Water rules: MLIRD asks state to amend law


Moses Lake – If you can’t beat the law, change it.

That’s what the Moses Lake Irrigation and Rehabilitation District (MLIRD) is trying to do in response to a 2020 ruling by then-Grant County Supreme Court Justice David Studio that the area can no longer enforce assessments under the irrigation portion of state law because the area had no way to provide Irrigation water for anyone.

Bill Bailey, MLIRD chairman, said the district has asked local lawmakers to amend the law and bring the District Irrigation and Rehabilitation District under the authority of only the law that created it. Currently, MLIRD is subject to two separate sets of status code.

“This will take the confusion out of the assessment methodology,” Bailey said.

At the center of the dispute are two sections of state law – one governing irrigation areas, and the second, later, a law governing irrigation and rehabilitation areas.

Irrigation areas provide water to customers and in return impose a small appraisal on property owners within the area. However, irrigation and rehabilitation areas also regulate and protect an area of ​​water for recreational purposes, such as fishing and boating.

According to Bailey, a second law was passed in 1962 specifically for the Moses Lake Irrigation District to become an irrigation and rehabilitation area, something he said residents wanted at the time for better lake management.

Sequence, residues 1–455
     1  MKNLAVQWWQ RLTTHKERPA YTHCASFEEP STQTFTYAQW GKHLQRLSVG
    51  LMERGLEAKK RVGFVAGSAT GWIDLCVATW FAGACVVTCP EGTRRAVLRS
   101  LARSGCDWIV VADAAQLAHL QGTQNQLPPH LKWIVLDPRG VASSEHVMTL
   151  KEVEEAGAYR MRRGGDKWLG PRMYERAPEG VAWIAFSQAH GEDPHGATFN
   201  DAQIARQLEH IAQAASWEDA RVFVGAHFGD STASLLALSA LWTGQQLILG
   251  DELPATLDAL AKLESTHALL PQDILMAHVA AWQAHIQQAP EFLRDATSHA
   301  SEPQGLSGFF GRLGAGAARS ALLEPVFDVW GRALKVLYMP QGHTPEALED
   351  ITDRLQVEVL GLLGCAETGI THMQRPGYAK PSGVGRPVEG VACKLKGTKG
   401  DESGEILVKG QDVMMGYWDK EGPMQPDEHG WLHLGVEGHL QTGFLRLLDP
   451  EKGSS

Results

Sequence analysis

“We are the only ones in the I and R (Irrigation and Rehabilitation) area in the state,” Bailey said. “The legislation was drawn up with Moses Lake in mind.”

Under a 1962 law, an irrigation area is allowed to become a rehabilitation area as well if it contains “the greater part of a navigable inland body of water” and has annual rights to 50,000 acres of that body of water. At the time, only the Lake Musa irrigation area fit this description.

District irrigation and rehabilitation are allowed to charge up to 25 cents per $1,000 of value on property within the area, depending on state law, while district irrigation law only states that counties may charge “reasonable” rates or tax — or both — on Land owners to help pay for water distribution.

While the District Irrigation and Rehabilitation Department of the Act grants them all irrigation district powers, Estudillo found that MLIRD did not provide any legal justification for the portion of the taxes over 25 cents, ruling that MLIRD had no authority to enforce district irrigation as part of the law.

“We actually don’t save water, which is what all the other irrigation systems do,” Bailey said.

While MLIRD is in talks with the city of Lake Moses to use the portion of the 50,000 acres of lake water in which it holds rights to provide water for the city’s proposed irrigation system for lawns and gardens, Bailey also said that MLIRD is seeking to change the existing law so that the entirety of the area’s functions are governed by the 1962 law, as opposed to All of the laws of irrigation.

“The irrigation and rehabilitation district is a different entity from the irrigation district,” Bailey said.

Bailey did not provide any details about the specific changes MLIRD is seeking. However, Representative Tom Dent, R-Moses Lake, said the legislation is unlikely to pass this year because lawmakers have a lot to do during this year’s very short session.

“A group of us are talking about it, but the suggestion came really late, at the beginning of the session,” Dent said. “It should be by late November, early December.”

Dent said he was able to review a draft amendment to the law, but lawmakers likely won’t have time to get to it at this hearing.

“We’ve been in the water this year,” Dent said.

MLIRD did not impose a 25-cent tax in 2021 or in 2022, and Bailey said the district has enough reserves to pay its bills.

“We’ve spoken with all of our representatives on multiple occasions, and are awaiting a final change to the proposal,” Bailey said. “I hope it will be done this year.”

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